“You’re very angry with what’s happened and then you’re very depressed about it and then you feel very helpless and you’re not sure what to do next. It’s quite a frightening thing to have your previous existence come to a halt and you just have to start again.”

Starting again meant Tina had to adjust to a new life, one that led her to lose some friends. It meant being unable to work or to socialise. For Tina, it meant a loss of independence.

There are over 11 million people in the UK with a limiting long term disability or impairment. People with an invisible disability- a sensory, neurological, physical or mental condition, that although doesn’t always have physical signs, leaves the sufferer feeling exhausted and in pain, often feel isolated and unsupported. Their symptoms are frequently minimised, misunderstood and in some cases disbelieved.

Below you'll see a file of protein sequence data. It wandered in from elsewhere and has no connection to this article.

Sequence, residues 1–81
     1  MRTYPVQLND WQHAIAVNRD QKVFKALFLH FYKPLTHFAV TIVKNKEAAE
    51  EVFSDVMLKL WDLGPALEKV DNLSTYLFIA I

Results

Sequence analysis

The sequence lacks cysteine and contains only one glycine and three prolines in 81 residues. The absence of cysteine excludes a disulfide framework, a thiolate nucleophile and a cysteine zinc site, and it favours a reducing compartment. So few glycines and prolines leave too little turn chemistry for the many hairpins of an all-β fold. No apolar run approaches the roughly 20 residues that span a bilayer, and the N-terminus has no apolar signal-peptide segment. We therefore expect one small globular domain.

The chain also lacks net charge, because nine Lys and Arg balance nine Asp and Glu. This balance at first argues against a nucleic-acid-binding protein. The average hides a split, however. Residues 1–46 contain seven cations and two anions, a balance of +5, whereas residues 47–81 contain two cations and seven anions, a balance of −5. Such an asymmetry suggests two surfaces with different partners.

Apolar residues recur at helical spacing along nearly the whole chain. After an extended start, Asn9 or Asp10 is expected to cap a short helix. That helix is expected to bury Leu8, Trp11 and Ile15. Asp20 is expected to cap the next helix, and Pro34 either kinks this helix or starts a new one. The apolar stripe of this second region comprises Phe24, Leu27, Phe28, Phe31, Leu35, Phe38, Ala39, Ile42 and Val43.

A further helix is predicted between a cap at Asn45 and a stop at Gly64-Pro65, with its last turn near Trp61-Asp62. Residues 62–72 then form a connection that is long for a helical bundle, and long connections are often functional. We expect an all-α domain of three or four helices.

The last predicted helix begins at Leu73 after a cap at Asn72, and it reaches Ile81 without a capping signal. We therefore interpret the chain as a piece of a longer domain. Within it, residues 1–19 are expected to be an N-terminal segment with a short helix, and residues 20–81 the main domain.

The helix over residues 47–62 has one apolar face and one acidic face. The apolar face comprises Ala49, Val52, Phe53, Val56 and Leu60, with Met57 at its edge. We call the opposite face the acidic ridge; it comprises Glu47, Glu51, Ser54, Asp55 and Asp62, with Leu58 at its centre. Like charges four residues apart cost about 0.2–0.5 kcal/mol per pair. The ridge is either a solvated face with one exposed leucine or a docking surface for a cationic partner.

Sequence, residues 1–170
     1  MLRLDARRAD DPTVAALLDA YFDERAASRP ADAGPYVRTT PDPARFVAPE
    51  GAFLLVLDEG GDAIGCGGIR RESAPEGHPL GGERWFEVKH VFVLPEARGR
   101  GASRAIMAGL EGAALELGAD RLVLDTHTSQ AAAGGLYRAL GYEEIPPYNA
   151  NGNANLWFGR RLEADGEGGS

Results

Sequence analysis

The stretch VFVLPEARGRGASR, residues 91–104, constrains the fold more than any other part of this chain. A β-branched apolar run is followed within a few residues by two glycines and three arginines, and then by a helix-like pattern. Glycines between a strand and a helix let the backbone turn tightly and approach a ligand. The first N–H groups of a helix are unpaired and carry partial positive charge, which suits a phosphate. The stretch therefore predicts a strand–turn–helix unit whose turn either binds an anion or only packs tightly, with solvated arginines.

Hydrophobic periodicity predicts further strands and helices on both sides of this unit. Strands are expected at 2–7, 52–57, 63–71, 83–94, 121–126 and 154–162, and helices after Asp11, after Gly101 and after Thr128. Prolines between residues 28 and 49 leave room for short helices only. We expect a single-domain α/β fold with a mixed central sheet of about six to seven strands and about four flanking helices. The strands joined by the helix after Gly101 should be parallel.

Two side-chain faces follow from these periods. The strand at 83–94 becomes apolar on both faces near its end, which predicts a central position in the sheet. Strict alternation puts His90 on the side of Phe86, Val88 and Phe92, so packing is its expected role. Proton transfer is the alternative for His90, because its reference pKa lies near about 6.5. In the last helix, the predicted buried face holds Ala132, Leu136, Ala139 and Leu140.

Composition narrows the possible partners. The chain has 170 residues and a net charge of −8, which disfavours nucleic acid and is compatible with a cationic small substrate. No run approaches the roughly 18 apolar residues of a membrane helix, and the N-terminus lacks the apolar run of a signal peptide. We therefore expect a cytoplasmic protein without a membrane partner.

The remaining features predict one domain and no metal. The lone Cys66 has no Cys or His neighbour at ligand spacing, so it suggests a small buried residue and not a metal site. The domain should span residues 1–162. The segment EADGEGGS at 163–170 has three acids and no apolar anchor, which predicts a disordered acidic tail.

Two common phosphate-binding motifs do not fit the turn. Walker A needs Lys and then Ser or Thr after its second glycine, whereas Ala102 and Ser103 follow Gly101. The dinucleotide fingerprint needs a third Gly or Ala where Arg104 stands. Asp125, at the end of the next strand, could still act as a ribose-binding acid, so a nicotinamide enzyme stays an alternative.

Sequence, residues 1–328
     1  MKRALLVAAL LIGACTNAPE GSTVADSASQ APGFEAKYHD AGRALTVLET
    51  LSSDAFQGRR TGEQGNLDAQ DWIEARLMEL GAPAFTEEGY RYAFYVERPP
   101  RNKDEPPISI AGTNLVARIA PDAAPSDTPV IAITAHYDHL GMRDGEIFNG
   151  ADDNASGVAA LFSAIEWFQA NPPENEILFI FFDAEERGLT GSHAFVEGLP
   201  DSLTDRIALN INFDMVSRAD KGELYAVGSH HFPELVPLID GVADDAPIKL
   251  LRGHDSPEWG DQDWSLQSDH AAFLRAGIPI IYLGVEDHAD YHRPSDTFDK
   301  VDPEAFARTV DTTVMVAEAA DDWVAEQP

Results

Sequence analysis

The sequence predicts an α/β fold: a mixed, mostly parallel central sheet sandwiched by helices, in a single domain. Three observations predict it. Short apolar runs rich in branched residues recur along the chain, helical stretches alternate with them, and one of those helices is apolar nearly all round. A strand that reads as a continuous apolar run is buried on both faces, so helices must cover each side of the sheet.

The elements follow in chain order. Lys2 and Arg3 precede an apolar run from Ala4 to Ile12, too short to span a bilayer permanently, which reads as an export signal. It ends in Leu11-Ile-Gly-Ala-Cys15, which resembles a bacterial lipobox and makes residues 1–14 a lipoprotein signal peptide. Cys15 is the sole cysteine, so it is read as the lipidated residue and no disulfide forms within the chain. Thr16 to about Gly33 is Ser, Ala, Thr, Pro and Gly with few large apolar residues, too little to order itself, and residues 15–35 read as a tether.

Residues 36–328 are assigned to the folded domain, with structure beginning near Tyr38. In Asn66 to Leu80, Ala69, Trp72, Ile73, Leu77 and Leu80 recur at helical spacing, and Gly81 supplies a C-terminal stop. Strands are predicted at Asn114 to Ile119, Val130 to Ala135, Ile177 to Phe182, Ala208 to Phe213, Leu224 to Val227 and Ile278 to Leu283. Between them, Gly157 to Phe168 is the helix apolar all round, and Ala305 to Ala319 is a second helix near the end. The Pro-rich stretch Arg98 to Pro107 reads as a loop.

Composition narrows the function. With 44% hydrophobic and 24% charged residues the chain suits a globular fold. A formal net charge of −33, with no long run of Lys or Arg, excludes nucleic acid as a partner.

“I definitely feel like I have to explain my illness to others,” said Tina.

Societal perceptions aside, Tina says it’s most important that the individual with M.E has their own personal grasp of their body’s patterns and triggers.

“You get to a stage where hopefully you’re not getting any worse, you sort of plateau out. […] Once you know where your plateau is, where your ‘new normal’ is, then you can work on how to improve from there.

Tina was able to gradually get better. She found having strategies in place to try and recuperate energy or to deal with the fall out of feeling more tired than she expected, was vital to her managing her condition.

Although still not completely well, Tina is now at a point where she is able to work. Her balance, concentration and ability to sleep at night has greatly improved. She credits the Seated Tai Chi sessions and the ongoing support of The Sheffield M.E and Fibromyalgia Group, as being a big part of her gradual recovery process.

“What you need to try and avoid is really overdoing it and going backwards, because then you’ve got all of that progress to make over again,” said Tina.

“I’ve found a balance that I can maintain and that’s key with me.”

Luchia Robinson

(This is a revised version of the article, which was first published in Dec 2016)